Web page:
In 1987 I moved to Indonesia to direct gold exploration projects. These were for the most part in remote equatorial jungles and work stints were for six to nine weeks at a time. My asthma began to deteriorate from the moment I went into the jungle. I knew to start increasing the inhaled steroid preventer to the maximum dose four to five days before entering the jungle. Despite this I was still using the blue puffer constantly. By the end of a typical stint my asthma was chronic and I also had bronchitis requiring antibiotics.
I also suffered ongoing chronic sinusitis requiring daily antihistamines, sinus headaches requiring aspirin, eczema requiring daily hydrocortisone cream and daily bouts of allergic conjunctivitis for which I used some heavy duty eye drops and antibiotic ointment for severe cases.
And if this weren’t enough, I would frequently be woken in the middle of the night with a gasping, choking sensation and racing heart. These episodes were often so severe that I was convinced I was having a heart attack. They were very disorienting, and due to the extensive travel, I would often be awoken and for several minutes have no idea where I was. It was only years later that I came to realise that these episodes were panic attacks, most likely brought on by the stress of my job and overuse of the blue asthma puffer.
By 1999, the attacks were getting more severe and in one instance I had to be evacuated by helicopter with severe asthma and admitted to an emergency medical facility in Jakarta. My daily medication regime by now was two puffs of Pulmicort 400 mcg morning and night. Pulmicort is an inhaled corticosteroid preventer medication designed to reduce the inflammation in asthma. However, despite taking high doses of preventer supplemented with oral steroids, my asthma was poorly controlled.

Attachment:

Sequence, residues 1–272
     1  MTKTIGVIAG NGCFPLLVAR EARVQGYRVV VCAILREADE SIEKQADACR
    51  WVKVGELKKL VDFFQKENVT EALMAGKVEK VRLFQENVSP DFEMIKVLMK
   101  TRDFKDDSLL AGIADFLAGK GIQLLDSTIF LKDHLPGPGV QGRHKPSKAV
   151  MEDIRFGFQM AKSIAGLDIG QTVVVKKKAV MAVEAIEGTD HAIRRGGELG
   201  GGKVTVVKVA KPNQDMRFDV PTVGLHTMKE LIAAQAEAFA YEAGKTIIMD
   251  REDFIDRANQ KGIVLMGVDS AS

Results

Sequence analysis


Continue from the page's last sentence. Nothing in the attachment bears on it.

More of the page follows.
In late 1999 I had based myself in London and the asthma had deteriorated to the point that I was unable to go back to my job in South East Asia. Even a whiff of second-hand smoke could trigger a violent attack by now. At this time I had three near-fatal attacks.
On one occasion my airways closed up and I couldn’t breathe. My puffer was useless and now in a panic I jumped in a black cab asking to be rushed to the nearest hospital. By the time I reached the emergency unit of the University College Hospital in Euston I was almost blue and the staff rushed me past a full waiting room to put me on a nebulizer. I remember seeing a sign warning of a four-hour waiting time for non-urgent medical attention. I guess near death is urgent and this life-saving action by the good doctors was a wake-up call.